Gold Throne in Shadow is the second installment in the World of Prime series, which places modern-day mechanical engineer Christopher Sinclair into a fantastic medieval world far, far from home. There, he is a fish out of water in the classic tradition of A Connecticut Yankee in King Arthur’s Court, Outlander, and Magic Kingdom for Sale. In this case, Sinclair is really out of his element because magic is real and the monsters that trouble the human population have the power balance so strongly tipped in their favor that magic is the only thing keeping society afloat. Then, our hero realizes that the laws of physics work as he expects …. and the feudal society gets pulled into the flintlock era and is given a real, fighting chance.
Note: I received an advanced copy of Gold Throne in Shadow from the publisher. Some things may have changed in the final version.
Gold Throne in Shadow by M.C. Planck (World of Prime #2)
Published by Pyr on October 13, 2015
Genres: Adult, Fantasy
Page Length: 315 pages
How I got my copy: Publisher
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Christopher, raised from the dead and promoted to a moderate rank, takes command of the army regiment he trained and equipped. Sent south to an allegedly easy posting, he finds himself in the way of several thousand rabid dog-men. Guns and fortifications turn back the horde, but Christopher has other problems that cannot be solved with mere firepower: a wicked assassin; hostile clergymen; dubious allies including a bard, Lalania, with a connection to a mysterious group of scholars; and worst of all his own impolitic tongue. But all of these pale into mere distractions once he discovers the true enemy: an invisible, mind-eating horror who plays the kingdom like a puppet-master’s stage. Lalania claims she can help--but will it be enough?
- I love characters that are trying to do the right thing under difficult circumstances. All Christopher Sinclair wants to do is figure out how to go back home, but to do that, he needs power and allies, and he does it the only way he knows how – through improving local technology and pushing back the big, nasty monsters in his way. The challenges arrayed against Christopher were sometimes so great that I had to set the book down and do something that was very anti-grim before I could watch one more seemingly impossible situation. Sinclair himself, however, seems to be getting used to facing the impossible, making cynical jokes and wisecracks that the reader will enjoy … but that baffle his compatriots.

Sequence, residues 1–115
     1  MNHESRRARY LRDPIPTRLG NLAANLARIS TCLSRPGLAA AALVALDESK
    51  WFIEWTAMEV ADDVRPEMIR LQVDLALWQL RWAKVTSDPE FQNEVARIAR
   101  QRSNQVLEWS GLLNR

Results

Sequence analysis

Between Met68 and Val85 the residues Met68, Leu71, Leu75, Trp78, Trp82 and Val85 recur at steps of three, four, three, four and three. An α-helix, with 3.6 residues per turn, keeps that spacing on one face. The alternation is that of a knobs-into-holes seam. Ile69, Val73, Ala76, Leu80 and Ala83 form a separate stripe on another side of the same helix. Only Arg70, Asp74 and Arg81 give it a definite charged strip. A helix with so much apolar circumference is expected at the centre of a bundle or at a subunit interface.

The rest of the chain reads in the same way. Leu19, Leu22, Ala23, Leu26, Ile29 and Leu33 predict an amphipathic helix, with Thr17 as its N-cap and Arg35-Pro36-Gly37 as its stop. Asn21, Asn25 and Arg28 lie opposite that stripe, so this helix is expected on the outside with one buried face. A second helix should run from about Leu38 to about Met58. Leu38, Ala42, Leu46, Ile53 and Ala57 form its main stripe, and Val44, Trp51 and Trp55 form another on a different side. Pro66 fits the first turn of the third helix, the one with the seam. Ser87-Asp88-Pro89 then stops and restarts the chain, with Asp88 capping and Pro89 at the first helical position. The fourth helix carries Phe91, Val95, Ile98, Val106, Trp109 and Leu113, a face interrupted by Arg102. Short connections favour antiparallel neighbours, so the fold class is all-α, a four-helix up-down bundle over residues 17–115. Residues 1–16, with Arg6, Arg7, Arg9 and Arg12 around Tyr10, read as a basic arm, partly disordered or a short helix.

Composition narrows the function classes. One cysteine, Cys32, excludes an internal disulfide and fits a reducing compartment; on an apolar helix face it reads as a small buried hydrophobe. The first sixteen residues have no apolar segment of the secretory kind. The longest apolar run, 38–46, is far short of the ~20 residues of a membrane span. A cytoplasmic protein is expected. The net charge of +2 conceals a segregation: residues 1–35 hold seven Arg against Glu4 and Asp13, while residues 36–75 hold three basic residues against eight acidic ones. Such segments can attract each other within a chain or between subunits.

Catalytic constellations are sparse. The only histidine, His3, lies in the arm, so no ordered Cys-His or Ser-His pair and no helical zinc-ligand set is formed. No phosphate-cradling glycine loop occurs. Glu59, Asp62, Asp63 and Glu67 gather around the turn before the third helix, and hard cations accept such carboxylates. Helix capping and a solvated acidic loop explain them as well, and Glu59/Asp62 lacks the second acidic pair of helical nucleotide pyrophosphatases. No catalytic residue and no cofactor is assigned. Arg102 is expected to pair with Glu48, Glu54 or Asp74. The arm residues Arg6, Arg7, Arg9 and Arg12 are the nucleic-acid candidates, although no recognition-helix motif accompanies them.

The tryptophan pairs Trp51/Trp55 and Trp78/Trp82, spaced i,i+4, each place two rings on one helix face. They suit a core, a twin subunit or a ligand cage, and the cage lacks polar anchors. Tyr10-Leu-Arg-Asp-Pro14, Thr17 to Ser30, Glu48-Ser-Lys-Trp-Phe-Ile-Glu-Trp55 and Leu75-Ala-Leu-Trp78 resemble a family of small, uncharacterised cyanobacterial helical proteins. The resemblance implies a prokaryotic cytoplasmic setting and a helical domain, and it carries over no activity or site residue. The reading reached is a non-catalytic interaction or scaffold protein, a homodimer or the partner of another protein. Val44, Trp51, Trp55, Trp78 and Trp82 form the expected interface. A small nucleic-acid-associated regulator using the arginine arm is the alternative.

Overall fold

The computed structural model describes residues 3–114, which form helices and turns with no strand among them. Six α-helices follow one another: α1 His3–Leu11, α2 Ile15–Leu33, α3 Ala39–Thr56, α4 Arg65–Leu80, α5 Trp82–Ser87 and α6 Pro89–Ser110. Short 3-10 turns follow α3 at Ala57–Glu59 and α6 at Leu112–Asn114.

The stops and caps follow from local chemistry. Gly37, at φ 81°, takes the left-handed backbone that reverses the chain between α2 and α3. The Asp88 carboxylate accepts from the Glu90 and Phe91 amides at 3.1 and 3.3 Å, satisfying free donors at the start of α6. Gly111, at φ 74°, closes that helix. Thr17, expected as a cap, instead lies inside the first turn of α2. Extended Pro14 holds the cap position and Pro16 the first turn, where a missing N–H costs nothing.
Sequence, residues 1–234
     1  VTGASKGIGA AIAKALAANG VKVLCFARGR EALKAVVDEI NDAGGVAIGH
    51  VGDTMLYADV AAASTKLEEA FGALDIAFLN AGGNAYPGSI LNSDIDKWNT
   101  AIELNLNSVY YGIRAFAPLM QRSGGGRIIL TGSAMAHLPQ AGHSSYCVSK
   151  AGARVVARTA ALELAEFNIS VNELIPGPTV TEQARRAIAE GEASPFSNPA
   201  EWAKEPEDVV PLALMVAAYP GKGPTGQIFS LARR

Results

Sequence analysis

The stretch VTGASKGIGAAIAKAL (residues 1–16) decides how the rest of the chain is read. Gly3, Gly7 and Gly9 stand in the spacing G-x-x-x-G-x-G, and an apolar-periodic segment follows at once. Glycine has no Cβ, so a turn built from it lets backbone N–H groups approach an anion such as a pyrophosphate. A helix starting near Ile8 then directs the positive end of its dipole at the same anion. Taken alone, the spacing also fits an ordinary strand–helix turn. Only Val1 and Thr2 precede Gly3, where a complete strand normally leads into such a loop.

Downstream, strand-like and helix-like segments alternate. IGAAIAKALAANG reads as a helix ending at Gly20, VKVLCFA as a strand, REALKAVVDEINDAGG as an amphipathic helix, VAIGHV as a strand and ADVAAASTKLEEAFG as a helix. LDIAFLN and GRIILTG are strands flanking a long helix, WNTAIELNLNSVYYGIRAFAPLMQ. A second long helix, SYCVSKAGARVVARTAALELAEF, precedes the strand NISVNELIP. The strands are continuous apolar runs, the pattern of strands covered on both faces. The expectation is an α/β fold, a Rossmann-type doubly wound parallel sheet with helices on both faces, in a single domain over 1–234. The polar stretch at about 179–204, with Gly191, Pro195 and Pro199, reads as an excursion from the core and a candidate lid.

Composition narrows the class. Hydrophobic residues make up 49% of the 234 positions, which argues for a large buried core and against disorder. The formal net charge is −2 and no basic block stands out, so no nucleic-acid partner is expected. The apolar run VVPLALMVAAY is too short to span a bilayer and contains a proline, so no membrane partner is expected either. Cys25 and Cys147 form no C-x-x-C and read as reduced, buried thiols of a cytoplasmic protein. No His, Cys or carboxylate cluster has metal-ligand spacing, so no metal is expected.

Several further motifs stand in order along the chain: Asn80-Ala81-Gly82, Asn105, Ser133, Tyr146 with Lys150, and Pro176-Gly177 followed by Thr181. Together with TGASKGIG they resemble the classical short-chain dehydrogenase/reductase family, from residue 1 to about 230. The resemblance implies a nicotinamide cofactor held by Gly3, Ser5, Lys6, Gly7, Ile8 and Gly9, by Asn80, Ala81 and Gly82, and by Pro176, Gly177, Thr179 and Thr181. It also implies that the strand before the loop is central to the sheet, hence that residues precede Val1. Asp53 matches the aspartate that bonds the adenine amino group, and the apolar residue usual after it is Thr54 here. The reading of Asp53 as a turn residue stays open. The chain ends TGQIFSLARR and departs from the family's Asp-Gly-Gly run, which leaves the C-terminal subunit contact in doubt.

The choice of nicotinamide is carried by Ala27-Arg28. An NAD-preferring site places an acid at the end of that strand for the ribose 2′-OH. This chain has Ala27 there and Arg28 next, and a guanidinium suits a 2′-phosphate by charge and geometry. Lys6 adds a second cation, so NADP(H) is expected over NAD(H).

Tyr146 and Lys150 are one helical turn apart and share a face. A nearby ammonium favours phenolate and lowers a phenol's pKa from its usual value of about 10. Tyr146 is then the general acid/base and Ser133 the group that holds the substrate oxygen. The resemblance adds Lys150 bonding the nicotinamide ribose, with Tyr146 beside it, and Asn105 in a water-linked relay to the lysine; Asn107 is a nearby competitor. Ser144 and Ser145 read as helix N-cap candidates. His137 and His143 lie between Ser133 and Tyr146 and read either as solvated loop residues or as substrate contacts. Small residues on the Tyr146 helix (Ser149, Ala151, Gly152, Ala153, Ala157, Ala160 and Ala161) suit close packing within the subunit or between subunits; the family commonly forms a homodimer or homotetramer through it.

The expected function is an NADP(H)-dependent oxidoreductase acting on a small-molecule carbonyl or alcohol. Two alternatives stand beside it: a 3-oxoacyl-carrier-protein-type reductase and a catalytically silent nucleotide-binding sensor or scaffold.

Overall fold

- Planck’s world-building is very interesting in both good and bad ways. Magical skills are elevated through ingestion of a substance that you can only gather from dead people and animals, which puts a nasty price on life but also severely limits the use of magic to those people powerful enough to get it. And power begets more power in a world that seems to be always at war. I have read that the world’s rules of magic have been likened to that of a role-playing game, and I think it’s a fair comparison. When certain large reptiles showed up, I definitely felt as if I was in a D&D game with a game master who had an odd sense of humor.
- Some of the secondary characters are fun to read. The Bard Lalania at first reads like a game character, but she becomes more complex – and is obviously torn between loyalties by the end of the book. And some of the other people in Christopher’s retinue have obvious game-like backgrounds but with unexpected twists that pop out when they are alone with Christopher. Actually, it makes me wonder if Christopher has accidentally gotten himself pulled into a Dungeons and Dragons game …… possibly, that hypothesis is rendered moot by the activity in the first book, but since I didn’t know how he ended up in this world, I’m going with that idea for now.
- As so often happens with review books, I got tossed into the series starting with the second book, but I was not – generally – lost. Having reached the end of this one, I want to go find a copy of the first book and find out how Christopher got himself into this little problem …. mostly because I find that I kinda like the poor guy.
- Many of the secondary characters are a bit two-dimensional, hugging closely to epic high fantasy templates with little chance to become more. The only two female characters don’t talk to one another because they don’t like each other, which seems unrealistic to me. Surrounded by guys, I’d talk to the only other woman in a fort even if she were my mortal enemy.
- The world building is interesting, but some of the twists really do seem to be out of the mind of a teenaged game master. I won’t ruin the surprises!!! But this is definitely NOT a Brandon Sanderson novel.
If you like fantasy role-playing games and always wondered what it would be like to throw a few guns and cannons into the mix, you should read this series. While it is grim at times, it is a pretty quick read with plenty of action, a hero that is often perplexed by his predicament but who refuses to give up, and a pretty steady supply of gentle twists to the fantasy genre.
Have you read this one? What did you think? Are you excited for it if you haven’t gotten to it yet?
Gold Throne in Shadow by M.C. Planck
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